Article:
By knowing what we were dealing with we were able to start treatment. This involved ordering a special drug that is not approved in dogs and cats but is the only one known to work. It needs to be made in a form that is dose appropriate for cats as too much can cause nervous system side effects.
The good news is that Bamboo is doing much better! He still has some diarrhea issues but that may be because of the T. foetus living in his system for so long that he made need a while to settle down and his intestines to act normally. The horrible odour is gone and he is not contagious to others now. We are all so happy he has responded to treatment so everyone can go back to a normal life.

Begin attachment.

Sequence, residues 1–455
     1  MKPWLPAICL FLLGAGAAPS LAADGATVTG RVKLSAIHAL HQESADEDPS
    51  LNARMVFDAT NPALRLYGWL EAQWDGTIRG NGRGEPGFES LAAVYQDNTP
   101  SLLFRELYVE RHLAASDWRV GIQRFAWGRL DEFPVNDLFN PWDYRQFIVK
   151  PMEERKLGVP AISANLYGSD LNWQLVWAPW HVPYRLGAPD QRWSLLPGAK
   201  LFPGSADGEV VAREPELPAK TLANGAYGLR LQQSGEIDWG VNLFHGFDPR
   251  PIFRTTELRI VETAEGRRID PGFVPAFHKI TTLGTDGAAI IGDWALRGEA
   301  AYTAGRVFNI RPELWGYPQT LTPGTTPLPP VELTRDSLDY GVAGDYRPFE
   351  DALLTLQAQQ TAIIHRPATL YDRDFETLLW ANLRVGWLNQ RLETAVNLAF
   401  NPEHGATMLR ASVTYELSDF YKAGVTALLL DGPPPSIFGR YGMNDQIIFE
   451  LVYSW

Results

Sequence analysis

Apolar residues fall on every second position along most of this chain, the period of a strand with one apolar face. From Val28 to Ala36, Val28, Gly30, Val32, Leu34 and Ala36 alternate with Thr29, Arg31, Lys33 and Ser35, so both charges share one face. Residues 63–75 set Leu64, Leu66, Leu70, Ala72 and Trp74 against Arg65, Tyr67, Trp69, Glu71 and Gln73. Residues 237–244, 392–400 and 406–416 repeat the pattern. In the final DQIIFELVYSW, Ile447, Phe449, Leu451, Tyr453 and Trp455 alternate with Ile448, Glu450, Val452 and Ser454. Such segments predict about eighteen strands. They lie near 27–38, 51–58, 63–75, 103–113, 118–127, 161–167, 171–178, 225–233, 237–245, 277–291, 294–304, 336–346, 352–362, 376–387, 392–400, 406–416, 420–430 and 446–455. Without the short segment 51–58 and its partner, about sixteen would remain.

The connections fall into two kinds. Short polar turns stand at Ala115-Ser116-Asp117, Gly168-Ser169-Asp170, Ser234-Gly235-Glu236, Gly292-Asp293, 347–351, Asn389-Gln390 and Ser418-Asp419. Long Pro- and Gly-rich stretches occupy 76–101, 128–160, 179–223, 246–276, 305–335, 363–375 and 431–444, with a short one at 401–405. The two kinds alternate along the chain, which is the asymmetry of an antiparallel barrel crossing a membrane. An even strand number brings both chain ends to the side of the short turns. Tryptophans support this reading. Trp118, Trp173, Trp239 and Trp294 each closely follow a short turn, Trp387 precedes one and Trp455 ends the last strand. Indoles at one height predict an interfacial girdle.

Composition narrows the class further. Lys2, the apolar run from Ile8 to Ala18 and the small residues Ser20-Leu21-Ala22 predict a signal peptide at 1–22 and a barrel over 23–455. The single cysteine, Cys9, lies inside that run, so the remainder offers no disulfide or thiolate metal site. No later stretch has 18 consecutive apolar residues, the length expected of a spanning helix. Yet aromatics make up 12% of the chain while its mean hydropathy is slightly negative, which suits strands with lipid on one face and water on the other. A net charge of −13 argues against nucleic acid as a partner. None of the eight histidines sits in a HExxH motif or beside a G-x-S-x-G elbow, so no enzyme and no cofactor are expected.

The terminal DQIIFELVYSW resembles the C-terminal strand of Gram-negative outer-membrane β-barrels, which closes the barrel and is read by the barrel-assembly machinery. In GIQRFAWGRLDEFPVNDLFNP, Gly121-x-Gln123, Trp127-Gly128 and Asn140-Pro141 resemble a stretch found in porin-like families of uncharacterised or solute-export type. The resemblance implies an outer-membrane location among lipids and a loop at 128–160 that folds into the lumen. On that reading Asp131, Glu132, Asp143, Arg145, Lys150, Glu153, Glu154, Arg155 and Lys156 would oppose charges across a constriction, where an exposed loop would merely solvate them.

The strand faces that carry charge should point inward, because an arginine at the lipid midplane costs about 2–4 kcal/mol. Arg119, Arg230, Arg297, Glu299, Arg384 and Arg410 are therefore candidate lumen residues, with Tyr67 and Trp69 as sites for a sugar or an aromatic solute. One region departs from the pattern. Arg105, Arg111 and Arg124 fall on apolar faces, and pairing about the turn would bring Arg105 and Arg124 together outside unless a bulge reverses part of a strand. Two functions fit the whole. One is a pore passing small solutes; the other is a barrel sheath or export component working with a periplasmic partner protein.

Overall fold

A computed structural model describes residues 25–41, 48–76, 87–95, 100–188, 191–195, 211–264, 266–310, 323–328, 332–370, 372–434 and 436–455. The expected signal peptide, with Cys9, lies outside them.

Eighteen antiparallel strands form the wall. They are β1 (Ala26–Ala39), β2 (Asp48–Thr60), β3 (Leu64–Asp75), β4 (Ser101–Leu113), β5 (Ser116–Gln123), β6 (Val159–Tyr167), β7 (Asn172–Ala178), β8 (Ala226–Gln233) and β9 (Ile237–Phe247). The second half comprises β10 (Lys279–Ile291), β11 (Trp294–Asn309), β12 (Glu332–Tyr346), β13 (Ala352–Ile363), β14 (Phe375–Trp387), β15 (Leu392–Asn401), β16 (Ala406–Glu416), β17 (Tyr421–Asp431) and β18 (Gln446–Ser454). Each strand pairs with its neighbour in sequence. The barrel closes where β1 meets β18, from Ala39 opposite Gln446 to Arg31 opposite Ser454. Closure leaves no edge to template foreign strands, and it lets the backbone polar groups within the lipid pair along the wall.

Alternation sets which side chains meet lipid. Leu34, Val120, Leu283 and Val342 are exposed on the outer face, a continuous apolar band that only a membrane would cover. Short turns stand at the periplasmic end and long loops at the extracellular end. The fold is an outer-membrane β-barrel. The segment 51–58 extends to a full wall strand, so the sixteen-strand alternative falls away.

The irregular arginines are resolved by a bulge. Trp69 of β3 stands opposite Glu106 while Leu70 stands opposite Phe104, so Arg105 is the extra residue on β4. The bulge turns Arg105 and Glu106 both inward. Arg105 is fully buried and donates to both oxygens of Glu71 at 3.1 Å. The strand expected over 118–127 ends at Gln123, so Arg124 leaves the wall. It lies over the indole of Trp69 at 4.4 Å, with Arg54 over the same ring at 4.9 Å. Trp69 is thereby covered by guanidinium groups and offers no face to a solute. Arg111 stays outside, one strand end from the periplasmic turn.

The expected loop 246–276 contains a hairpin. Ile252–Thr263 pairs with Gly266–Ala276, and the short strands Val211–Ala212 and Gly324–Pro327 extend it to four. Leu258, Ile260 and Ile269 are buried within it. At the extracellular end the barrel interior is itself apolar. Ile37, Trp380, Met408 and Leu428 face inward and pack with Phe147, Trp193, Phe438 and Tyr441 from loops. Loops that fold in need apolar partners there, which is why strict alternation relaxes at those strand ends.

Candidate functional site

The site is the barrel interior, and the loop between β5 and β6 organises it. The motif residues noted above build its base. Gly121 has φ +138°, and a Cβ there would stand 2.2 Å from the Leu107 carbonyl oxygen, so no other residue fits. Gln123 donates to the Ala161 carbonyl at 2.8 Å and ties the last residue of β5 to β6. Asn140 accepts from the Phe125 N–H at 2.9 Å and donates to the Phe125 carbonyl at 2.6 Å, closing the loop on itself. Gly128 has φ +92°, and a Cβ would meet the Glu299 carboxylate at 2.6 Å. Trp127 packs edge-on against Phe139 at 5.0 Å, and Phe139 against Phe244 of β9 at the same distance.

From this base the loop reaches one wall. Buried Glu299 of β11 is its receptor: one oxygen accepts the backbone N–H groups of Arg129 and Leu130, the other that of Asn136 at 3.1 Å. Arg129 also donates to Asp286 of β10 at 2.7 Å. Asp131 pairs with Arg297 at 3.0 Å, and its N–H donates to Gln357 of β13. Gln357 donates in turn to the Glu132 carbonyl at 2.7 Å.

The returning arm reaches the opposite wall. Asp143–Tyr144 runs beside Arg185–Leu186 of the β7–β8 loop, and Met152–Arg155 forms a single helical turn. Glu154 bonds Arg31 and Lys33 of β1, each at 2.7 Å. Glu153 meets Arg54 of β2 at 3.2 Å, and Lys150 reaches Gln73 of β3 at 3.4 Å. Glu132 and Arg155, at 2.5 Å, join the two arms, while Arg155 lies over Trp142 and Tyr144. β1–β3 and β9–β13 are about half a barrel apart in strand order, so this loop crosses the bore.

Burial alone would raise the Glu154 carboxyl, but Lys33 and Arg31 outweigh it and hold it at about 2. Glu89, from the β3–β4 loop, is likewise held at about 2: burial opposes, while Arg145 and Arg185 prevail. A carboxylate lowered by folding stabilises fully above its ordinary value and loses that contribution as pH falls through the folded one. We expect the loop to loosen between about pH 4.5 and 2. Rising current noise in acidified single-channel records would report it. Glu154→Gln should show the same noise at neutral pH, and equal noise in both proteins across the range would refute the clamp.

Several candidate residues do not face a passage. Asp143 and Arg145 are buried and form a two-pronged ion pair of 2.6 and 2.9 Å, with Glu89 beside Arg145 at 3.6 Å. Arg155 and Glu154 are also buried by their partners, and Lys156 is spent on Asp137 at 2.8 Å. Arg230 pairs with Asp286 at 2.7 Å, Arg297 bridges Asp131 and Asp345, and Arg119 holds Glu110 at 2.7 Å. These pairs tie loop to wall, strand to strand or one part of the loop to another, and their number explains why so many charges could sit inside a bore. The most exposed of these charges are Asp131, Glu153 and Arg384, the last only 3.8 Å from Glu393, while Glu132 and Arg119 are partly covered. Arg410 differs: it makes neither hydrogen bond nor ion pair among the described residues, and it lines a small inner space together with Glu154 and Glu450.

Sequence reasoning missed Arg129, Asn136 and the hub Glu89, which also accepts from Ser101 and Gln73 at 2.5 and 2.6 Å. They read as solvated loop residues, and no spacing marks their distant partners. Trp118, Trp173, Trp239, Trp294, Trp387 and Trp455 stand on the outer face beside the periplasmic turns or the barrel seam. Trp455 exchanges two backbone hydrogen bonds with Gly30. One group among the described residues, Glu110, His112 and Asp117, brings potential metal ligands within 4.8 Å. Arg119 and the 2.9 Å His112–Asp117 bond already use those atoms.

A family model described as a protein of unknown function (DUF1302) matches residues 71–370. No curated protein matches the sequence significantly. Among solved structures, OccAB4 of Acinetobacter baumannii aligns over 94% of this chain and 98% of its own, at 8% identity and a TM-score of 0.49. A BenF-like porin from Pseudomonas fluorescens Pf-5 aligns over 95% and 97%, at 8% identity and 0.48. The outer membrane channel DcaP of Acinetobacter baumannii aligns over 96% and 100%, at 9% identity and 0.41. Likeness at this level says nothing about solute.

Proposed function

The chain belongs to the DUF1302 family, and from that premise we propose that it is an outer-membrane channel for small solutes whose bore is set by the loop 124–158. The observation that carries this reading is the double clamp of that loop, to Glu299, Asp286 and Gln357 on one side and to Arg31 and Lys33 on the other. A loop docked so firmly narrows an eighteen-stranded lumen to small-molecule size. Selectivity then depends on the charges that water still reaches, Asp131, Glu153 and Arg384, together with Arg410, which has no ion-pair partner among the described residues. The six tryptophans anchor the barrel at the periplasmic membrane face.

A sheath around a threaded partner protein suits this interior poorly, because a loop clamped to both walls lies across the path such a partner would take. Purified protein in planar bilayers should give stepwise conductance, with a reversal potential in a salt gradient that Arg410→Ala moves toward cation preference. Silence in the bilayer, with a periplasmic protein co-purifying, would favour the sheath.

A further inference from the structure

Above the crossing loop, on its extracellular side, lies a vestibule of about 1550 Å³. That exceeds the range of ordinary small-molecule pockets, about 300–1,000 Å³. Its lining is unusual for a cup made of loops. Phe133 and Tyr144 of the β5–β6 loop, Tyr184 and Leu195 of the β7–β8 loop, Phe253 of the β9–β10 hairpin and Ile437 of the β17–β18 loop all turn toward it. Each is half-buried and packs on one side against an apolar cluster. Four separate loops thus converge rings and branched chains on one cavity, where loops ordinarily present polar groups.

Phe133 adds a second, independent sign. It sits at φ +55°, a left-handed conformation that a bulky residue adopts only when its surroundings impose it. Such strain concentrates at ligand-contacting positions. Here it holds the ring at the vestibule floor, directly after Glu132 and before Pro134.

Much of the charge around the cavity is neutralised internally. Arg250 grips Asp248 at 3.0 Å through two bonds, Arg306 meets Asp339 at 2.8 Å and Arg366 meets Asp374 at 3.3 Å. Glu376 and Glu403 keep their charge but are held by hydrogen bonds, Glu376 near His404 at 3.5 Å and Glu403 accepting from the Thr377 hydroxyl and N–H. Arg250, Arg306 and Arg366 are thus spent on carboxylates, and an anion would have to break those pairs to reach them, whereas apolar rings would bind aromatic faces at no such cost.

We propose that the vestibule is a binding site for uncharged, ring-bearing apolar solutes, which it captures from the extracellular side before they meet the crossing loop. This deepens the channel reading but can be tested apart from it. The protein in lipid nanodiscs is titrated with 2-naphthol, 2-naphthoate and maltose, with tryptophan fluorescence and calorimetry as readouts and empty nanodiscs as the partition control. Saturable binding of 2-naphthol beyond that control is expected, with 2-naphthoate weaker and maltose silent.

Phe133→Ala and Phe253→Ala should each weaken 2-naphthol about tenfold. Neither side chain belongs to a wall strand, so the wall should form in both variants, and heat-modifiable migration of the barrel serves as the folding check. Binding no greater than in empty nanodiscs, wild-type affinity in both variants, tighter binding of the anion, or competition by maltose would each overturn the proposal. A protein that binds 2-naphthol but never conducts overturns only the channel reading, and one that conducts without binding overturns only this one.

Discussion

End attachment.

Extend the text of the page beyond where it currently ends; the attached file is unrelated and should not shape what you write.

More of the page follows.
Meet – Bucky
Sometimes an owner’s dedication can make all the difference to how a case turns out. Bucky and his “mom” are a great example of this. Bucky is a 6 year old Pug that came to see us in November of 2014 to have a look at some lumps. Unfortunately they were cancerous and a very tricky type of cancer. He had mast cell tumours. What makes these special is they can have far reaching fingers of tissue that can’t be seen by a surgeon while removing the main lump. For this reason, very large amounts of tissue have to be taken to make sure all the abnormal cells come out. The other reason these are special is these tumours are made up of mast cells that are basically little packages of histamine. When mast cells are tampered with, these packages get released and can wreak havoc on all sorts of things – can make a dog go into shock, can damage the tissue in that area, and break sutures apart.